Albright & Sturges started making phosphorus in the UK in 1844 and are still one of the major world producers of phosphorus chemicals3. The company, located at Oldbury in the 'Black Country', was founded by Arthur Albright (1811-1900), a Quaker. The Quakers, a nonconformist Christian group, became very influential in business and industry in the 18th. and 19th. century, partly because they were prevented from entering traditional occupations4. At 16 Arthur was apprenticed to a chemist-and-druggist uncle in Bristol, the start of many a chemical career in the 19th. century. In 1840 he became a partner in the firm of John & Edmund Sturges of Birmingham, manufacturing chemists, and in 1844 he persuaded his partner to start making phosphorus, then coming into use for making matches. It cost 5/- a pound and most of it was imported. The raw material was bone ash, imported from South America and later from eastern Europe. The first factory was in Selly Oak, Birmingham. The company moved to Oldbury and erected a new factory in 1850, and the first phosphorus was made at Oldbury in 1851. Oldbury was already a centre of chemicals, with local supplies of coal and a good canal and rail transport system. A contemporary writer, Walter White, wrote in 1860 of a visit to Oldbury:

"Among the chimneys rise those of a phosphorus factory, where, at some risk, and at a fierce temperature, phosphorus is extracted from bones, in such quantities that England, which used to import, now exports the article, sending many tons to Vienna and receiving it back on the end of matches by hundreds and millions every week. One pound of phosphorus, worth about two-and-nine-pence, suffices to charge a million of matches."5

Albright said that he thought of making phosphorus because Sturges was already supplying the 'twin sister' of phosphorus used in matches, namely chlorate of potash (KClO3). He thought he could make it cheaper than on the Continent because of the good supplies of cheap coal in the Black Country. At first the price of phosphorus was 7s.6d. a lb, but this came down to 6d. a lb. by the 1880s, as the economies of scale started to produce fruit. England became by 1860 a net exporter of phosphorus. The partnership with Sturges was dissolved in 1855 and in 1856 John Edward Wilson (another Quaker) joined Albright in partnership and the firm was incorporated as Albright & Wilson in 1856. He supplied the administrative acumen to support Albright's chemical genius: "if Arthur struck the spark, John Edward blew it to a flame; and it was his wise and constant tending that kept it burning ever more brightly."6 Wilson ensured that the new company was run profitably with as little waste as possible, so that it survived and prospered while 25 other phosphorus works opened and closed in Oldbury in as many years.

Initially the raw material for phosphorus production was animal bones, later replaced by mineral phosphates. The bones or rock were dissolved in sulphuric acid to give phosphoric acid and calcium sulphate as a by-product. The acid was concentrated, mixed with 25% of its mass with carbon, dried in iron pots to a black powder and then distilled in clay retorts. Phosphorus distilled over and was condensed into 25-30 lb. blocks called 'cheeses'. After refining and casting into sticks (all under water to prevent it catching fire), the product was shipped, again under water, to the end users. In the 1890s this original batch process was superseded by the continuous electrothermic process. Cheap electricity rather than coal was now the key to cheap phosphorus and by 1920 production had ceased at Oldbury and Albright & Wilson transferred their production to Niagara Falls, in the USA and Canada.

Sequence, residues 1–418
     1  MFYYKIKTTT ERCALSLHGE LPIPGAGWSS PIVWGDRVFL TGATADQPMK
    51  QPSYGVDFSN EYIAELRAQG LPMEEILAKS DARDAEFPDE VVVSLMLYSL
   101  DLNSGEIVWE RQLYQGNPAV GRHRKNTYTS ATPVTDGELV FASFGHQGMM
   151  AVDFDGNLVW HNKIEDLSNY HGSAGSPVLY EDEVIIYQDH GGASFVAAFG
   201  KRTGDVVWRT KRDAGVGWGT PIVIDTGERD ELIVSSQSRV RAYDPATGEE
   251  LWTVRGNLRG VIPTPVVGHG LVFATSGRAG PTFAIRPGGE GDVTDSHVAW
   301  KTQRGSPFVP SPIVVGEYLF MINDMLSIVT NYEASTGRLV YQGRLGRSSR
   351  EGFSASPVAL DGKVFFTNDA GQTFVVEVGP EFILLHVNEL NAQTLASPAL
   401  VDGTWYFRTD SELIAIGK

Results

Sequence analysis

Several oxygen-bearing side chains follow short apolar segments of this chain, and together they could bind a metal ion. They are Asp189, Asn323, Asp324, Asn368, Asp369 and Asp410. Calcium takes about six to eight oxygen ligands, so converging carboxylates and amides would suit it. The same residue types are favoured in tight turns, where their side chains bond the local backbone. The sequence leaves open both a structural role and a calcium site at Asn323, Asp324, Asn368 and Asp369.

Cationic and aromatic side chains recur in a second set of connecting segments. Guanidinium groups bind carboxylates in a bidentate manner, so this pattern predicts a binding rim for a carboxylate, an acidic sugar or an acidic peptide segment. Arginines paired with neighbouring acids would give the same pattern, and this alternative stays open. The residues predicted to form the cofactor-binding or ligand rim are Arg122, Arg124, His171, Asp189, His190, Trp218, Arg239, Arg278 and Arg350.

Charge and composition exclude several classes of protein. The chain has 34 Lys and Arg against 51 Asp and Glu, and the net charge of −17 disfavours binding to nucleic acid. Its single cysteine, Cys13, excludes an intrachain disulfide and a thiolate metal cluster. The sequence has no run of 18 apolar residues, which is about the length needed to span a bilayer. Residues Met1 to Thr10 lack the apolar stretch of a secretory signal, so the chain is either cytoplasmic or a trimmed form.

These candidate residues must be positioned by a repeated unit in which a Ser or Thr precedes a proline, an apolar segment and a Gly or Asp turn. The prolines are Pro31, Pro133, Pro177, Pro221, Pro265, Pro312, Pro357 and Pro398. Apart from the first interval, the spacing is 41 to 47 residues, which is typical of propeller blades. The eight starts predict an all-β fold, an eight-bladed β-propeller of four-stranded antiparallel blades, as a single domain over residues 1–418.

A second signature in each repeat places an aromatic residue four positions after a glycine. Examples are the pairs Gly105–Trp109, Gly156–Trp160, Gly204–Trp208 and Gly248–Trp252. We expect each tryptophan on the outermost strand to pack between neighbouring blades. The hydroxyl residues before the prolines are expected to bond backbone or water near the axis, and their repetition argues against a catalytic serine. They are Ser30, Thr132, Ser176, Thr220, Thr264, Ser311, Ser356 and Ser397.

As soon as Albright heard of Schr”tter's discovery of the safer red phosphorus in 1844 he bought the patent and started to develop a safe production process. He was successful and the Oldbury works started making red (or amorphous) phosphorus in 1851 by heating white phosphorus at a controlled temperature in a closed iron pot. The problem of making reliable matches using red phosphorus was yet to be solved, but eventually Albright's efforts to make a safer form of phosphorus was to protect to health of match makers around the world. Production of red phosphorus did not expand until a successful safety match was invented


So am I reading this wrong or can phosphoric acid and carbon be used to make white phosphorus which can then be used to make red phosphorus. 

Surely its not that easy is it?


spectralshift

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It is shorter, metaphosphoric.
« Reply #1 on: January 08, 2004, 10:13:00 AM »
It is shorter, metaphosphoric. which is just heated ordinary phosphoric acid to dehydrate.

cause remember, the P2O5 from the regular SiO2 + C + Ca3(PO4)2 is actually the precursor for phosphoric acid.

when you add water to p2o5 you get phosphoric acid.

livid

  • Guest
future of clandestine chemistry
« Reply #2 on: January 09, 2004, 08:15:00 AM »
some day bees are going to bee smashing rocks and gathering seaweed.

BOS

  • Guest
Hi SHorty. This has been proposed numerous...
« Reply #3 on: January 09, 2004, 09:22:00 AM »
Hi SHorty.

This has been proposed numerous times here.
I think it was jim or foxy who suggested doing this in the microwave.

these threads should keep you amused.

Post 397762

(ballzofsteel: "If you soak Acivated carbon in Phosphoric acid", Chemicals & Equipment)


Post 397852

(ballzofsteel: "No not the statement as a whole.That was just...", Chemicals & Equipment)
:)

Post 372872 (missing)

(ballzofsteel: "Chicken re: 5. If this is the case then ...", Stimulants)
:)

Post 449086 (missing)

(jimwig: "there is a patent that details making ...", Stimulants)


Post 452989 (missing)

(jimwig: "US 6207024 "Method of preparing ...", Stimulants)

invasivefungoids

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yep
« Reply #4 on: January 10, 2004, 04:44:00 PM »